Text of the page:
Princess Mary (May)
We think Mary may be a strong contender for a girl and then with a nickname of ‘May’. Prince William’s great-great grandmother was Queen Mary of Teck (pictured) and Queen Victoria’s great granddaughter was called Princess May of Teck. And of course there hasn’t been a Mary on the throne since the days of Mary II aka “William and Mary” who were joint sovereigns of England, Scotland and Ireland back in the 17th century. Mary is a pretty girl’s name which has fallen out of vogue in the last 50 years but we just have a hunch it could be time for a resurgence.
Prince Henry or Princess Henrietta
We all know how close Prince William and his brother Harry (Prince Henry) are so we think there is a strong possibility that William may choose Henry or Henrietta as a tribute to his brother. ‘Henry’ has been a popular choice for members of the royal family. Prince Henry, seen in this picture with the Queen, was the Queen’s uncle and there have been many Prince Henry’s before him.
Henry VIII was the last Henry to grace the throne though. He was an accomplished and charismatic king although he is often illustrated as a lustful and egotistical character. And although there has never been a Queen Henrietta, apparently the name Henrietta is a “thoroughly upper-class name” and in fact Charles I’s daughter was called Princess Henrietta of England. It’s not very popular in England anymore but perhaps it’s time for a renaissance.
Could there be another Victorian era ahead? It is some 111 years since Queen Victoria’s reign ended. If William looks to his family history for inspiration, he will know that Queen Victoria’s reign of 63 years and seven months, is still the longest reign of any British monarch and the longest of any female monarch in history. Although she was officially Alexandrina Victoria (nicknamed Drina), her first name was withdrawn at her own wish.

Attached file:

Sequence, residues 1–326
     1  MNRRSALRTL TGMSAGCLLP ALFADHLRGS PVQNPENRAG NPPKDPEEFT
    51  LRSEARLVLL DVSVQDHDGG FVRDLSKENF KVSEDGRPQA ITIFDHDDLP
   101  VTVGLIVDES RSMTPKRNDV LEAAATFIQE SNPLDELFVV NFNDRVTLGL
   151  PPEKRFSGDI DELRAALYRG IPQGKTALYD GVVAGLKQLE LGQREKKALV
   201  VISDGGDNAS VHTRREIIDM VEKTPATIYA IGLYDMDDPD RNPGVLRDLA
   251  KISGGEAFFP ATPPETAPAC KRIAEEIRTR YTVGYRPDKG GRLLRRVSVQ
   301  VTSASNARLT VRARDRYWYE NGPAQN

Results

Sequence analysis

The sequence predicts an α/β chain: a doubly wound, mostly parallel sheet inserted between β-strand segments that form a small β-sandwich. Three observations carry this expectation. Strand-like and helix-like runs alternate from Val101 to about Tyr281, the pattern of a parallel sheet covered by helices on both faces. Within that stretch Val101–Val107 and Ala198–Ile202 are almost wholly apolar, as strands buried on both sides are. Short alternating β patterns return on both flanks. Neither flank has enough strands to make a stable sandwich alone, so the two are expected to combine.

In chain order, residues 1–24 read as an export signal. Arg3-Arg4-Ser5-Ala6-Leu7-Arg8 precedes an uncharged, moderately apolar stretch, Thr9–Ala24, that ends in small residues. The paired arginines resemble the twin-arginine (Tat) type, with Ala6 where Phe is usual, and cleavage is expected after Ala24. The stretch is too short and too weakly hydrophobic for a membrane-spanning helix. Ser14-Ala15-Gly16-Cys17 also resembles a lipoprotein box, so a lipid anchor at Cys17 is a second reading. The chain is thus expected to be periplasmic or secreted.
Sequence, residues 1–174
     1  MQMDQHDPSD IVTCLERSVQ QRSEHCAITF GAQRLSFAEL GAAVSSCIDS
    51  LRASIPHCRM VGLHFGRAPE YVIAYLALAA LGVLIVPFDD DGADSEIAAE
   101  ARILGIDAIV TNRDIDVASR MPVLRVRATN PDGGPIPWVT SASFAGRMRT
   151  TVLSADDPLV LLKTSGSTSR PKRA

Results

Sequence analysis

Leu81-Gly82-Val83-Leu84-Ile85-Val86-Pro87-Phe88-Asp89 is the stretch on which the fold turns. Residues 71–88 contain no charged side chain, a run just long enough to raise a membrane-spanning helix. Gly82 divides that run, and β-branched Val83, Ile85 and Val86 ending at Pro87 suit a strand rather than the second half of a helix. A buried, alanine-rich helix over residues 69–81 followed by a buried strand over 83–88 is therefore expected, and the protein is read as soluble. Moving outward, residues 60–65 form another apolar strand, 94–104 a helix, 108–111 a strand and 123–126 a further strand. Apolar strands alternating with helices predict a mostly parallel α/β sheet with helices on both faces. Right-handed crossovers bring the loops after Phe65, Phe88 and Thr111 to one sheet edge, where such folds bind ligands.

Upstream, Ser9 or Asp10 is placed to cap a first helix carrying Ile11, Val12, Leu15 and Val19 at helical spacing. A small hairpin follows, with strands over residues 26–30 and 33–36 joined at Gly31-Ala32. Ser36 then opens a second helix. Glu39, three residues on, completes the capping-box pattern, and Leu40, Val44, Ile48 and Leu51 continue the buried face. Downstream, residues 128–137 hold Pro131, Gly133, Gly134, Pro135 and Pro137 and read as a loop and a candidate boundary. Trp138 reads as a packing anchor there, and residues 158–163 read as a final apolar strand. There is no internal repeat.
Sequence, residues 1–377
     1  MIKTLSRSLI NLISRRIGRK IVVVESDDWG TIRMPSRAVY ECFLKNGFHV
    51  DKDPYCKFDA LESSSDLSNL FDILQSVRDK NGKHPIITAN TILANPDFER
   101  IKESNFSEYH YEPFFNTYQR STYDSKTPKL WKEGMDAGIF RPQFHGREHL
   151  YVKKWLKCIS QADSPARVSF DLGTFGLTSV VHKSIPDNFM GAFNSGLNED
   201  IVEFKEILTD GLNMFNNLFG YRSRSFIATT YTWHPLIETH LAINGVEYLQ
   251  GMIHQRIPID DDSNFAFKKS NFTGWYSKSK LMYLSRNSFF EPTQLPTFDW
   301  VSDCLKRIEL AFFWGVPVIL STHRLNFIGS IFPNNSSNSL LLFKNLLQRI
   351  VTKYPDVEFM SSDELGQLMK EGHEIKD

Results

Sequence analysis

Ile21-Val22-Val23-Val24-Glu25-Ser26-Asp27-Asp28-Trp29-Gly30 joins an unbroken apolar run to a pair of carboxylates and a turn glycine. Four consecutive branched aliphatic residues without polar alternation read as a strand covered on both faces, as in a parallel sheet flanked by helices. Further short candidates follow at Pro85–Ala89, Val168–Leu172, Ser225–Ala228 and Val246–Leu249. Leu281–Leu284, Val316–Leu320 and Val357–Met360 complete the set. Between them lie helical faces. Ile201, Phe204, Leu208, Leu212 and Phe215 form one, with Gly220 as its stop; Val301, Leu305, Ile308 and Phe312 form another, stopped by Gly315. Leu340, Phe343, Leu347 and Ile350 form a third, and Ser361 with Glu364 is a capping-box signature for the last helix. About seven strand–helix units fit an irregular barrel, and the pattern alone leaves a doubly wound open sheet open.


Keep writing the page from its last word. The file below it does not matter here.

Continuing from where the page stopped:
Victoria was the symbol of the British Empire. She displayed fortitude and strength when there were seven separate attempts on her life. Her popularity was temporarily affected by her depression but ultimately she was a popular Queen who remained dutiful to the end. As William is 4th great-grandson of Queen Victoria, we think Queen Victoria II is a strong contender.
And how about Charlotte? Of course Charlotte is the female name of Charles so this would be a great tribute to William’s father. There was Charlotte of Mecklenburg-Strelitz who was the Queen consort of the United Kingdom as the wife of King George III. If it is a boy though, we don’t think William and Kate will choose Charles – just because there is already one in line to the throne.
Pathe’s Final Prediction
Our wholly speculative final guess is: a girl called Charlotte
…and if it is a boy, our final guess is: Albert
But what do you think? Take the poll now:
Royal Honeymoons often occur where you least expect them, as the British Pathe archive demonstrates…
Everyone is speculating over where Prince William and Catherine Middleton (Wales), now the Duke and Duchess of Cambridge, are spending their honeymoon. In solving a royal honeymoon riddle it is important to think outside the royal box – and perhaps footage from the British Pathe archive can help us: